Remembering the Light Horse

October 28, 2014 by J-Wire Staff
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The Israeli Ambassador, Shmuel Ben-Shmuel, has attended a Service at Holsworthy in Commemoration of the AIF Light Horse Charge on Beersheba.

 

AIF-610

 

In his address at the army camp in South-West Sydney the Ambassador referred to the very close bond between Australia and Israel/Australians and Israelis, initially forged with the Light Horsemen of the 1st AIF in WW1, then during the 2nd AIF’s Middle East campaign and highlighted Australian Foreign Minister Dr Evatt’s key role in gaining the UN’s 1947 resolution to establish the State of Israel.

Gloria Allen, Ambassador Shmuel Ben-Shmuel and Peter Allen

Gloria Allen, Ambassador Shmuel Ben-Shmuel and Peter Allen

Approximately 50 Jews served in the various ALH regiments, including one of four Browne brothers Saddler Sgt Sylvester Browne who also claimed to be the first Jewish soldier of the imperial forces to enter the ancient Land of Israel.

About 4 Jews participated in the charge, including Major Eric Montague Hyman, who  led the 12th LH Regiment and was awarded a Distinguished Service Order, having been originally nominated for a VC, [see attached pics] thus:

‘This officer is recommended for conspicuous gallantry and dash in action. He led his squadron at full gallop against a Turkish redoubt, which was strongly manned with enemy machine guns and rifles. The enemy opened up with a very heavy fire but the charge was so vigorous and skilled that the enemy was overrun and his fire silenced in a few minutes, thus enabling the regiment to carry on the assault and complete the capture of Beersheba.’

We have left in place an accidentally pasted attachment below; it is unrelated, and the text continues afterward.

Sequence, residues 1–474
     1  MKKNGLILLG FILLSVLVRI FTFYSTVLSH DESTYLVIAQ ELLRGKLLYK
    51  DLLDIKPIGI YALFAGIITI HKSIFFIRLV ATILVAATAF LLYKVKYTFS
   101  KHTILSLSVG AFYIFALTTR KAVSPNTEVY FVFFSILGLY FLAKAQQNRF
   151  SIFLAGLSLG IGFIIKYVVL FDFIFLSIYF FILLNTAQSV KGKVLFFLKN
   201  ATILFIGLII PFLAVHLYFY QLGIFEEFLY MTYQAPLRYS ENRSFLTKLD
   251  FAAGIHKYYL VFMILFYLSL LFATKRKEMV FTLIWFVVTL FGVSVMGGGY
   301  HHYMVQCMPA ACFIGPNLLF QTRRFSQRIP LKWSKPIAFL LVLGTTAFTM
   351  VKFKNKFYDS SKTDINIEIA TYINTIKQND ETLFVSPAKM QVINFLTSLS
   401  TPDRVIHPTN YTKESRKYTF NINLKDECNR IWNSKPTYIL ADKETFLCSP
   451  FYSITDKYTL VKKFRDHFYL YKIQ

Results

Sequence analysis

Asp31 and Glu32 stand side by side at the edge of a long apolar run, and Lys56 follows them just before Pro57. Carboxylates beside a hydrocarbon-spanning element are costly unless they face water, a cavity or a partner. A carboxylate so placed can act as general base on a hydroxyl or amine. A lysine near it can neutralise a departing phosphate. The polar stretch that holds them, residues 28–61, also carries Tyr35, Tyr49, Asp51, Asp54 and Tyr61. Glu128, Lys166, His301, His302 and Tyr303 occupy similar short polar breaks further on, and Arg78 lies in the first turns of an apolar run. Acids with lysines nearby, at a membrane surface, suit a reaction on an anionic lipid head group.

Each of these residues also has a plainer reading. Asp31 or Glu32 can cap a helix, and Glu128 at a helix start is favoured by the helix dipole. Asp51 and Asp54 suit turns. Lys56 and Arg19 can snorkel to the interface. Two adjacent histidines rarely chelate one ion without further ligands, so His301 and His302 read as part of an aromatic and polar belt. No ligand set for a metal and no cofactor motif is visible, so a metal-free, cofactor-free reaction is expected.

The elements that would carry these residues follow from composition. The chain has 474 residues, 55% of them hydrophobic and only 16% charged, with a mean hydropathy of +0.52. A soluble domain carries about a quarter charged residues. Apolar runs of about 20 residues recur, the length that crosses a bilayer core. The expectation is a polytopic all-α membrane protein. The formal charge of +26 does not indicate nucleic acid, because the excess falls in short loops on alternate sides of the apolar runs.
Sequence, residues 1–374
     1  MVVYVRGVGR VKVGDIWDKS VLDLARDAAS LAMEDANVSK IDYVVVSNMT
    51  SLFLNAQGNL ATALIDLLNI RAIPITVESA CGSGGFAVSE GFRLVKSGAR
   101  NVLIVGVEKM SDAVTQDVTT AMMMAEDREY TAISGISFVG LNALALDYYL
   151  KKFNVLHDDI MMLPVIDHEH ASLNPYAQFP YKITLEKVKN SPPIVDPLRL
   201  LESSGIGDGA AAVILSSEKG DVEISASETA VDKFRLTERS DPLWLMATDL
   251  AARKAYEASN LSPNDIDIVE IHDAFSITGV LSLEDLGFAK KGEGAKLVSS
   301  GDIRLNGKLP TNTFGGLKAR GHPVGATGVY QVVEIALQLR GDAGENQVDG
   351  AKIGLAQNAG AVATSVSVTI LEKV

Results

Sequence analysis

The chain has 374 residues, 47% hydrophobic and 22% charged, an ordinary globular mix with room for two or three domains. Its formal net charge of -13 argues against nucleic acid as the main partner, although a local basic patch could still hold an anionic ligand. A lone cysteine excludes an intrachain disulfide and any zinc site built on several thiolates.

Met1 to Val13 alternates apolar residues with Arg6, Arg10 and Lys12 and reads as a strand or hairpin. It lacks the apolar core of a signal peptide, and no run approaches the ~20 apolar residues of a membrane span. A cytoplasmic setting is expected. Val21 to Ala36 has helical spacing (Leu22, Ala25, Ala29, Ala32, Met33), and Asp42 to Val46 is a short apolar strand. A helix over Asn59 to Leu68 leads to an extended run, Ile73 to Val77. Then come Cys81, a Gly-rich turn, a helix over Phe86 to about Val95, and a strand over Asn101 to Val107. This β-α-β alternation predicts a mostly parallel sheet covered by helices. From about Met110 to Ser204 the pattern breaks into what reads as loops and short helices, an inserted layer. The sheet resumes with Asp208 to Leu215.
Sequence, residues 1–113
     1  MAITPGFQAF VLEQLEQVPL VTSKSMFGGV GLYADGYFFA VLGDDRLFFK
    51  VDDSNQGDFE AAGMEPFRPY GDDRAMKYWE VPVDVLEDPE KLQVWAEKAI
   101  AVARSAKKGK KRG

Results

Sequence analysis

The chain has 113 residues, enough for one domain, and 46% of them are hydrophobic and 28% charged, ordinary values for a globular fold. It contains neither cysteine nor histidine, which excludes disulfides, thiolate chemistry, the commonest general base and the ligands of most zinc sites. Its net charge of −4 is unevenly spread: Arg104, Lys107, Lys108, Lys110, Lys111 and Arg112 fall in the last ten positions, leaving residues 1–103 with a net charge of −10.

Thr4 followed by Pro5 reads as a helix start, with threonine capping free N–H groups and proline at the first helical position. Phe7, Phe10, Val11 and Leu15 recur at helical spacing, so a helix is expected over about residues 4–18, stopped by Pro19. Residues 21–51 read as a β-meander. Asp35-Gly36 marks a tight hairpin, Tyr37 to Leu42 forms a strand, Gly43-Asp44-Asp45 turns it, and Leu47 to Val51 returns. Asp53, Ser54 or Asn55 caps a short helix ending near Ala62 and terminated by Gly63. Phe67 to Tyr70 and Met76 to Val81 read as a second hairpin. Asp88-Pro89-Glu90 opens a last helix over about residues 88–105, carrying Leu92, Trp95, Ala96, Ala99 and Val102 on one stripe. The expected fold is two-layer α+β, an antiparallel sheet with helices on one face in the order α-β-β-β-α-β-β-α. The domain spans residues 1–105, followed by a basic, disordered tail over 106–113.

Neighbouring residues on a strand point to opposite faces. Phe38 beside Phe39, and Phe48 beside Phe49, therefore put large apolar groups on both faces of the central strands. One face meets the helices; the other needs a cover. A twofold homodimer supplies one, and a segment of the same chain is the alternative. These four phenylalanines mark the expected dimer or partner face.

The Australian Light Horse were the first to ride into Jerusalem, being the honour guard to the British General Allenby at the Tower of David. This was the first foreign army in the history of Israel to take Jerusalem only to give it back, giving freedom to the Jewish people and not taking the city for themselves.

More from Ambassador Shmuel Ben-Shmuel: “It is all too easy for us to look upon the Great War as a distant and dusty calamity, far removed from our present way of living and our modern world view. This is why I am thankful for commemorations such as this, as it gives us a moment to pause in reflection and draw ourselves back to the events of the past that were so instrumental in the shaping of our modern world. ”

“Beersheba is particularly important to those in the Negev region where the fighting occurred. In 2007, upon the 90th anniversary of the battle, a reenactment was staged in Negev, with fifty Australian horsemen in full uniform. The horsemen rode through the streets of old Beersheba where the original lighthorse paraded after they finally took the town from the Central Powers. Importantly on that day many schools in the area brought their students to witness the reenactment and the parade. As the students watched the reenactment and parade, they stood waving Australian flags. It is for the young that such commemorations are so critical as these events ensure that the memory of national sacrifice, like that given by the lighthorse charge at Beersheba, might live anew in the minds of our next generation.”